On manufactroversies

July 8, 2008

Leah Ceccarelli in the Seattle Times:

My own research seeks to reveal what makes today’s manufactroversies work. First, I’ve discovered that modern-day sophists skillfully invoke values that are shared by the scientific community and the public, such as free speech, skeptical inquiry and the revolutionary force of new ideas against a repressive orthodoxy. It is difficult to argue against someone who draws on these values without seeming unscientific or un-American.

Second, the modern sophists exploit the gap between the technical and public spheres. Scientific experts who can’t spare the time for public communication are then surprised when the public distrusts them.

Third, today’s sophists exploit a public misconception about what science is, portraying it as a structure of complete consensus built from the steady accumulation of unassailable data. Any dissent is cited as evidence that there’s no consensus, and thus that truth must not have been discovered yet.

A more accurate portrayal of science recognizes it to be a process of debate among a community of experts in which the side with superior evidence and argument wins. Unanimity of belief never exists, but the process of science moves forward with the weight of a supermajority.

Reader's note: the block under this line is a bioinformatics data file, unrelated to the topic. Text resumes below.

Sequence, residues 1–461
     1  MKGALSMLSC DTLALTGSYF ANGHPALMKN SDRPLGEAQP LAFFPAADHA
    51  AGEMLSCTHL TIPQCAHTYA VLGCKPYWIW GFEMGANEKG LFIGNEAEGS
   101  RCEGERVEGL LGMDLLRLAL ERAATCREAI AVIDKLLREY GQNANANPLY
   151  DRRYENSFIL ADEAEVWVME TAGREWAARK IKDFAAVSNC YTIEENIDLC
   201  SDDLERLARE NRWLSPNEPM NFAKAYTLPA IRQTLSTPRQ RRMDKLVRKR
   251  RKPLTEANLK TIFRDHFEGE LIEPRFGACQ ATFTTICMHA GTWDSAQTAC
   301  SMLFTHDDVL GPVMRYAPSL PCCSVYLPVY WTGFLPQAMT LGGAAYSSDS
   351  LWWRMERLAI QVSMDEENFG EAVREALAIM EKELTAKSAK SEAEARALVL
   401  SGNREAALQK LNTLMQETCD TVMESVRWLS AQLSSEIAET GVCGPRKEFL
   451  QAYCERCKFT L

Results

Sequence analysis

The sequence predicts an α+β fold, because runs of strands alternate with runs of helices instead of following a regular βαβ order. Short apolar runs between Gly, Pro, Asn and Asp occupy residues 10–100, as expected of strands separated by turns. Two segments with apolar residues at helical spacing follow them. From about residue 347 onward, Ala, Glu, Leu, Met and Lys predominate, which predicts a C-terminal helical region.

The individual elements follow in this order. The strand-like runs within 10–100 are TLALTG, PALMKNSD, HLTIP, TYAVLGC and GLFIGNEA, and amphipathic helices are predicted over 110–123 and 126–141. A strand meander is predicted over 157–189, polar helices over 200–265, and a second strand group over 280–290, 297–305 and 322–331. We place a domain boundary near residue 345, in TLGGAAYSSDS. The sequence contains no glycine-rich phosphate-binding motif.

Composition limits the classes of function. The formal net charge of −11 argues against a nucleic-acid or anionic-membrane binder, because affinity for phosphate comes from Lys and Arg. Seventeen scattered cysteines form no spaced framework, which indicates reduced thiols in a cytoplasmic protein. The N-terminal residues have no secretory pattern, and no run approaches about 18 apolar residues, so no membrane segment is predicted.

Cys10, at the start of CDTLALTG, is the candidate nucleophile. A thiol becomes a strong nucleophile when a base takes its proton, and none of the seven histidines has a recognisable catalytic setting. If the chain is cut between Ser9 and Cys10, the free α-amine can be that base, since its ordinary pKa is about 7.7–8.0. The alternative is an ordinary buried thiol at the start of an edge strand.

More here.

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  1. Paul Murray
    July 8, 2008 at 9:25 pm

    Leah Ceccarelli points out that Aristotle wrote “Rhetoric” to answer the sophists. Perhaps the academics in the humanities ought stop debating postmodernism, and come to the aid of their collegues in the sciences who are being attacked in ways that they are ill-equipped to defend themselves against.

  2. winnebago
    July 11, 2008 at 3:06 pm

    Umm, that’s precisely what Ceccarelli and the vast majority of those of us that study the Rhetoric of Science are doing. She is super smart, her book is fascinating. Science and postmodernism are not incompatible. Quite to the contrary, the postmodern notion that knowledge is historically situated is consistent with the self-correcting function of science. There aren’t really any serious scholars that accept the idea that because knwoledge is contigent, therefore all knowledge claims are equal — such a caricature is the product of the same type of Sophists that Ceccarelli critiques in her editorial.

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